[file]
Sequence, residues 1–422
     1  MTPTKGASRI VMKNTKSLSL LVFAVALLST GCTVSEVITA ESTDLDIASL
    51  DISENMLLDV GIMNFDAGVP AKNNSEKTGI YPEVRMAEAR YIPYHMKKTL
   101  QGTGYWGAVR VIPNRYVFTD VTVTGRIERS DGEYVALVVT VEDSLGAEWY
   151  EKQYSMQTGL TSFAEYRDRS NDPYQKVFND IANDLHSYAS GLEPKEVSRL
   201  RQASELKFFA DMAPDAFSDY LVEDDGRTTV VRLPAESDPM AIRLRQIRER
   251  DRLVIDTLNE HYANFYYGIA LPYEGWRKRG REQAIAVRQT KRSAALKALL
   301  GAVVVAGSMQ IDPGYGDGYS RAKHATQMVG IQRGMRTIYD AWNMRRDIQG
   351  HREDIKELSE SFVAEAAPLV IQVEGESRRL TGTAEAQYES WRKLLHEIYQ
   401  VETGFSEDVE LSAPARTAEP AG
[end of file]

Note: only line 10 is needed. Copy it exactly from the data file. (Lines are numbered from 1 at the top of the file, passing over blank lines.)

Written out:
   401  VETGFSEDVE LSAPARTAEP AG